Recently, my family had first-hand experience with lack of access to transparent cost information about healthcare procedures. We thought we had platinum insurance coverage through my husband’s large financial firm's (LFF)’s group coverage plan, but as it turned out, it wasn’t as straightforward as it had first seemed.
Surgery only Partially Covered
In our situation, our 18-month old daughter was in need of ear tube surgery after suffering 9 ear infections in a 12-month period. It was a medically necessary, albeit minor outpatient procedure, which, being on the platinum plan, we assumed would be fully covered, less a small standard co-pay. Right? Well, no, actually as it turned out. As I learned a few days before the surgery, although the surgery itself was covered, there was no guarantee that the anesthesia necessary for the surgery would also be covered, because the hospital could not guarantee that that anesthesiologist on staff that day would be “in-network”. As it turns out she was not in-network, leaving us on the hook for the $700 anesthesia bill even though we were on a covered plan for a “covered” procedure.
Sneaky Cost-cutting Techniques
How could this be? Who would have thought we’d need to shop around for the price of anesthesia? (Not that we were willing to skimp on quality of care when our daughter’s health was in question). At first we naturally blamed the insurance company, but when I called to log a complaint, they explained that this was a specific clause in LFF’s contract which they identified as one of their top costs, and specifically contracted NOT to pay for. It was a way for them to save money, which most of their employees would never know about, but the ones that would, also would find themselves in our same predicament - left holding the bag after all was said and done. The big corporation saved money and cut costs as a business, making this not only sneaky, but also very characteristic of the Wall Street ways they had become known for in recent years.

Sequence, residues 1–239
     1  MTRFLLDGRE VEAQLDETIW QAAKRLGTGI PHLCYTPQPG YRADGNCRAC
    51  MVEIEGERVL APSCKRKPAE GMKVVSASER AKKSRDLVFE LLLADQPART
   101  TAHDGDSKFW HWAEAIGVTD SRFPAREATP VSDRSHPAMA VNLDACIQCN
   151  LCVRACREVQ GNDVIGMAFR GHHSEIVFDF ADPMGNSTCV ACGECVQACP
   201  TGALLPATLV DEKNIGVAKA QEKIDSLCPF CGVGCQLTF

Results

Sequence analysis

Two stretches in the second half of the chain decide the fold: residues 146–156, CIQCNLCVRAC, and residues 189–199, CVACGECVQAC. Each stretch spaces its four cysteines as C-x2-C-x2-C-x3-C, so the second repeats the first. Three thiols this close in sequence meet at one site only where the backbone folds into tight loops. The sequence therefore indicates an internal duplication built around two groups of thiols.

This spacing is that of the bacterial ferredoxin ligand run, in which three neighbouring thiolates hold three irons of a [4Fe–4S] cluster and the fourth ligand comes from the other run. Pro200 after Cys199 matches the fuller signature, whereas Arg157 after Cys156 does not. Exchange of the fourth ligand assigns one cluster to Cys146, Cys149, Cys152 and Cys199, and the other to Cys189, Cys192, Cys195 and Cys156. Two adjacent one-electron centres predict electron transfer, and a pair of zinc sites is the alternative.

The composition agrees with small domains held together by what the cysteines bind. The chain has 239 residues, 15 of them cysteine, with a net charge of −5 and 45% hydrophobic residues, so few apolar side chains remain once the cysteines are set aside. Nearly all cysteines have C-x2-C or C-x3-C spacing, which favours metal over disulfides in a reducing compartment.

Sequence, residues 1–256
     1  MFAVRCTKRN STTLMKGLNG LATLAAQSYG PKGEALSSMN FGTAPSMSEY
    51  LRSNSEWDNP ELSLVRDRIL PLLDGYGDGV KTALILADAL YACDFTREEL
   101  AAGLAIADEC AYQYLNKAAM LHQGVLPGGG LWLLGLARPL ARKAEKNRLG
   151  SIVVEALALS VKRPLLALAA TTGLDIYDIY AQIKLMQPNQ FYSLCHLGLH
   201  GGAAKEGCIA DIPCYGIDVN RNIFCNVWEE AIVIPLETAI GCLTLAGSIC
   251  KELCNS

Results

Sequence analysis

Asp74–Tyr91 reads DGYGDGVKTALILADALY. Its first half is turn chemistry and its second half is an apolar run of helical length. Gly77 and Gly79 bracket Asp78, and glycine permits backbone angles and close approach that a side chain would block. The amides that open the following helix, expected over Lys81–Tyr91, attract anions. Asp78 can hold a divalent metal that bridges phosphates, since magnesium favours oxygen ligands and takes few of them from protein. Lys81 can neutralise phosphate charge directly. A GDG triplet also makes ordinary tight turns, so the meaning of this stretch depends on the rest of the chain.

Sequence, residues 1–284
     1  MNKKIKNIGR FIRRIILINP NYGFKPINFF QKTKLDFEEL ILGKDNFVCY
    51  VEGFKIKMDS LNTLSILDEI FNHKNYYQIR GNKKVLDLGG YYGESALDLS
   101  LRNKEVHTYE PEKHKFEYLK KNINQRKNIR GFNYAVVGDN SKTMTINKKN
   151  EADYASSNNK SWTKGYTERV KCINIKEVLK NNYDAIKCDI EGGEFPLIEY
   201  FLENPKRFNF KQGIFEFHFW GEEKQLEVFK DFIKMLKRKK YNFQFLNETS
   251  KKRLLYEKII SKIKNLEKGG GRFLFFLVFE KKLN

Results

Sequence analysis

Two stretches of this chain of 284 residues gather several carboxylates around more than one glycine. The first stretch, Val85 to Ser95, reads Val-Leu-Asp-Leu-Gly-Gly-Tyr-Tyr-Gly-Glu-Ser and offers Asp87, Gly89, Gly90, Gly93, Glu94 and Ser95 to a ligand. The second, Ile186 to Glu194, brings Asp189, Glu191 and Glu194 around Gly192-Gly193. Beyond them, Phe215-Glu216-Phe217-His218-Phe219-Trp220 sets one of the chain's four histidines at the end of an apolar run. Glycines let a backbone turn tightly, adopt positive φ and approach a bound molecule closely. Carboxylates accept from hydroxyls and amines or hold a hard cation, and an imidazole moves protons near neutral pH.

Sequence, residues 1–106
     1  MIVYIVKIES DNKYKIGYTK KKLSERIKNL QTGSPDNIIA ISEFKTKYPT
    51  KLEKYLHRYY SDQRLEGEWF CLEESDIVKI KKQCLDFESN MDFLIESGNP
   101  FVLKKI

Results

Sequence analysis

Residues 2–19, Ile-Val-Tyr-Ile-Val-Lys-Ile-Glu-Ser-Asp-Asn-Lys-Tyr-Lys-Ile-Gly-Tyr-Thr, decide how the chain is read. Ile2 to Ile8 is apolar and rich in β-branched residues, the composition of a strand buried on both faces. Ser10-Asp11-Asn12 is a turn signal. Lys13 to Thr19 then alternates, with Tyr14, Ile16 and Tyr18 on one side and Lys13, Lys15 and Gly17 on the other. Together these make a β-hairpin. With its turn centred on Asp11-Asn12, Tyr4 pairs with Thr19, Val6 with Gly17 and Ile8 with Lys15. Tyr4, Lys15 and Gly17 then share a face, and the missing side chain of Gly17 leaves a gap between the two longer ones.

In a world where premiums were increasingly going up, large corporations, especially ones with self-funded plans were getting increasingly savvy about ways to dodge paying out frequently used, yet expensive health care procedures in obscure and obtuse ways. The insurance company referred to them as “loopholes” - through sophisticated analysis, companies would be able to weed through historical claims data, identify costly outliers and underhandedly opt out of covering part of the procedures if they didn’t meet specific criteria, such as being in-network in a blue polka dotted room, while touching one finger to your nose (well not really the last part, but you get the idea).
Reading the Insurance Fine Print
However, as I later found out,these types of loopholes are actually not that uncommon. From annual spending caps to prescription drugs that are not on the list, companies are slowly integrating more and more ways to shirk their coverage responsibilities, leaving consumers responsible for reading the fine print and becoming health insurance experts. For those with chronic conditions or kids that get sick frequently, it can sometimes feel like a second job. And, that’s not even adding the paperwork and claims portion into the mix.
The Trend Toward Consumer-friendly Solutions
Is this likely to change in the near future? Probably not. If anything, we can expect more fine print and more loopholes to come. Luckily healthcare retail leaders such as PokitDok, Walgreens, Doctor on Demand and One Medical are working to make the process more transparent and consumer-friendly. By knowing the costs before you go into any healthcare procedure and choosing low-cost nearby retail solutions for common procedures like flu shots and blood tests, consumers can save themselves money and hassle, even if they have health insurance coverage. It’s definitely a step in the right direction, for a frustrating system that's not likely to completely fix itself in the near future.
Oh, and as for our daughter? She’s doing fine - no more ear infections, thank you!
Have you had issues with the “fine print” or healthcare “loopholes”? Write us about your personal situation, to be featured in an upcoming PokitDok blog.
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Tags: Healthcare consumerism